Wednesday, June 18, 2014

A Thought

[Jesus said], “Judge not, that you be not judged.  For with what judgment you judge, you will be judged; and with what measure you use, it will be measured back to you … First remove the plank from your own eye, and then you will see clearly to remove the speck from your brother’s eye” (Matthew 7:1-2, 5).

This is probably the most misunderstood yet most often quoted passage in all the Gospel accounts.  We live in a society in which “every man for himself” seems to be the dominant mantra, and “freedom of religion” also means “freedom from religion”.  So those who set their own course and make their own decisions based strictly on what pleases themselves are demanding that religious people “judge not”; probably better translated as “butt out”.

Passing judgment is a tricky and dangerous business no matter how you slice it not only because of what Jesus points out, but also because our snap judgments can (more often than not) be hastily made based only on what we may happen to know at any given time – knowledge which will always be limited but primarily based on what we think we know.

Yet our Lord does not preclude judgment as in discerning right from wrong and holding one another accountable to the faith.  In fact a willingness to take such a risk is an act of love, just as when we set limits for our own children – to protect them, not stifle or control them.  And when we do not hold our children accountable but let them do all they wish to do when they wish to do so is neglect, pure and simple.  We do not care enough to put being “popular” or “cool” at risk.

However, discernment is not without its own tricky balance.  A willingness to risk a relationship for the sake of what is righteous must come from earnest love for the soul of another.  If we try to point out what is offensive to us personally and only use a few select Bible quotes as tools to our own ends, we are not “speaking the truth in love”.  This is a very delicate line that, once crossed, can often do much more harm than good depending on our ultimate goal.  Are we trying to save a soul, or are we simply trying to manipulate our society one life at a time to something more pleasing to ourselves?  But just as we can discern between right and wrong, others can easily discern genuine love from religious manipulation.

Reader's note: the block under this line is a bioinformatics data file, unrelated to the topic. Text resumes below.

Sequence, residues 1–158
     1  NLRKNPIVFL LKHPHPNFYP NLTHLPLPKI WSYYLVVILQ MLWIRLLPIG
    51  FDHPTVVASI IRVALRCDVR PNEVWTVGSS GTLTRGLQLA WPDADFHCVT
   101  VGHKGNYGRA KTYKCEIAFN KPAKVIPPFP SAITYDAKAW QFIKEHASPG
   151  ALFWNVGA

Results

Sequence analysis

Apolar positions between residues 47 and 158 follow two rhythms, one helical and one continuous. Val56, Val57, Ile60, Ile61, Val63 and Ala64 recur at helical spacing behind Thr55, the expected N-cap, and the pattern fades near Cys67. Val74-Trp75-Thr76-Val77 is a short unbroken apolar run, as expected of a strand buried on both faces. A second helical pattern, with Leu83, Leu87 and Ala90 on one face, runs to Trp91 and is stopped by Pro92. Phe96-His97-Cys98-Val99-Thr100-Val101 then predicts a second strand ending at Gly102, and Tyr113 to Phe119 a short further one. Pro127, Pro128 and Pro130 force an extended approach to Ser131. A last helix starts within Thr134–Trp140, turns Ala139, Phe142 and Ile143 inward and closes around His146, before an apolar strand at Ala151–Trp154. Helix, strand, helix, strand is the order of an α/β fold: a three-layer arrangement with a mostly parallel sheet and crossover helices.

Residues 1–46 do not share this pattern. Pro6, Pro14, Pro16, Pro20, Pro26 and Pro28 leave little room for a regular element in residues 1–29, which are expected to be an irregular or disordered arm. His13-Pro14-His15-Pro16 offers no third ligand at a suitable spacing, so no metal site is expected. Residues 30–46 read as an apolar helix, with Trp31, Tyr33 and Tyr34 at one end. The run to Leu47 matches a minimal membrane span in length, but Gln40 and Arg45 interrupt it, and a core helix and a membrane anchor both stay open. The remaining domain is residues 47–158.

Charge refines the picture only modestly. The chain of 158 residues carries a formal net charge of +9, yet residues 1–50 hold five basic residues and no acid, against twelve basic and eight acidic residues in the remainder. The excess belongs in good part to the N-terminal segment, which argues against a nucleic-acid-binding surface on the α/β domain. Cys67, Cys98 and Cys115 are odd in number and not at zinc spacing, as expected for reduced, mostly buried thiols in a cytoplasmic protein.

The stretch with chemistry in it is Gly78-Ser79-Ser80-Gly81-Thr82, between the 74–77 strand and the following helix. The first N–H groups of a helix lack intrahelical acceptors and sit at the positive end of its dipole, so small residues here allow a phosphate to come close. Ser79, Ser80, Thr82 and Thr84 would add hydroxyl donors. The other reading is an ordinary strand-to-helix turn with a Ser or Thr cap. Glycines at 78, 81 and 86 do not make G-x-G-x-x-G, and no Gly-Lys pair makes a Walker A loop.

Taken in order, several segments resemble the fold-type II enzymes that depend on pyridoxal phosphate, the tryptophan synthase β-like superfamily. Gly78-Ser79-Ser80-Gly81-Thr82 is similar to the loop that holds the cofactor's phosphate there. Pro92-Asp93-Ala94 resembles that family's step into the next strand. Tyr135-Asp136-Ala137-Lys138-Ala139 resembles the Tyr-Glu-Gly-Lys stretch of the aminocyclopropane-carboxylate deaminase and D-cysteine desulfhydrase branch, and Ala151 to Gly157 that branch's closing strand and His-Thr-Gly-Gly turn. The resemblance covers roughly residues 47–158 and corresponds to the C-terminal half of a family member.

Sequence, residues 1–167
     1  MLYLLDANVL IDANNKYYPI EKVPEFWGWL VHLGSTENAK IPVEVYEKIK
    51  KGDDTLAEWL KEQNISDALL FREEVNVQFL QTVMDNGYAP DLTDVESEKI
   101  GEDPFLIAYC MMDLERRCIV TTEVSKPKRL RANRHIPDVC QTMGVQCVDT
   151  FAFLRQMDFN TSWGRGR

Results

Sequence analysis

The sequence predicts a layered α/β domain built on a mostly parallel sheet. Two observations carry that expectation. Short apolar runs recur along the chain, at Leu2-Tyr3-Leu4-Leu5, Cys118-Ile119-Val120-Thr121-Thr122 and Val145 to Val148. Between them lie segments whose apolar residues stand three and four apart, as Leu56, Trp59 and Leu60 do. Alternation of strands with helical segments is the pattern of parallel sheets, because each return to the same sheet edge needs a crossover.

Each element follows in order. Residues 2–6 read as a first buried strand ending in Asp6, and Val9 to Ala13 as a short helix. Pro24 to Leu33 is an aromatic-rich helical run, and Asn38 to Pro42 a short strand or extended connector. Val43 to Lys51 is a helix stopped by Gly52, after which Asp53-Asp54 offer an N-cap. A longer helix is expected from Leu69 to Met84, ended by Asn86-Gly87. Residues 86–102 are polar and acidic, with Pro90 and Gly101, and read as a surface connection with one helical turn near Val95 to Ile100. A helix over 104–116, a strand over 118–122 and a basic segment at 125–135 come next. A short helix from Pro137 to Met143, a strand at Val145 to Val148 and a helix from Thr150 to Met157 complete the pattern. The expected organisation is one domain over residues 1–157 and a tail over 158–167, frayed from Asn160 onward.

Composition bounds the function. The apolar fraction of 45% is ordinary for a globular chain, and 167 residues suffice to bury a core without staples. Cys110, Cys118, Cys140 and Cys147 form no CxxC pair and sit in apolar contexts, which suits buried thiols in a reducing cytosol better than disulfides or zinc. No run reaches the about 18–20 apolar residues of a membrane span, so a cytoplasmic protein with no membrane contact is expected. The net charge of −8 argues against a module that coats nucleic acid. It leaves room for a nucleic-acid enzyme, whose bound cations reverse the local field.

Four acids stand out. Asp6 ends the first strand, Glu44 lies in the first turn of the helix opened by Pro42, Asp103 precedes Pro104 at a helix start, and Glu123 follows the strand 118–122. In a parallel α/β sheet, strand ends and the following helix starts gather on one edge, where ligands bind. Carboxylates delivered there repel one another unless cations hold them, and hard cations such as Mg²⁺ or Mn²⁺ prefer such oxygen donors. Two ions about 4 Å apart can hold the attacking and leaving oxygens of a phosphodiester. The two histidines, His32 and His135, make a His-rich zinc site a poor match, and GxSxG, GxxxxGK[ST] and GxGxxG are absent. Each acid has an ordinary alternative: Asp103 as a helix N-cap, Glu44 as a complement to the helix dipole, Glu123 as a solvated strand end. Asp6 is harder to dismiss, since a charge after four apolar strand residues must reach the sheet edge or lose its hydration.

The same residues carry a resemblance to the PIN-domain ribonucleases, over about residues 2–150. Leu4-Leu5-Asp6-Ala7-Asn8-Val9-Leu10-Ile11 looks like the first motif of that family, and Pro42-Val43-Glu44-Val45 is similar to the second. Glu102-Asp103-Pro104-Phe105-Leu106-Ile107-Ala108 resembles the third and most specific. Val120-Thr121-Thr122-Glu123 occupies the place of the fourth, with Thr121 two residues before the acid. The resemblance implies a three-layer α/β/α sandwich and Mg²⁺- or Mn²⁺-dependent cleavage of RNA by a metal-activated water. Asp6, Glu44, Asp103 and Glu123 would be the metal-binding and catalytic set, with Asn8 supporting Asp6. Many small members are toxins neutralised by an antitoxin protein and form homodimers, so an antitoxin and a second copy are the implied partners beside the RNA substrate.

Make no mistake.  Jesus is very clear about we who would point a finger: “First remove the plank from your own eye”; that is, we must do some serious soul searching, confess and repent first.  After we have first been completely honest with ourselves and our Lord, then we have not only the right but the moral duty to admonish others so they may also avoid the coming Judgment.  And if even then they will not hear us, we are to move along – not dig in for a prolonged fight.

The Lord’s Word will serve The Lord’s purposes, not ours.  Let us always remember Whom we speak for.


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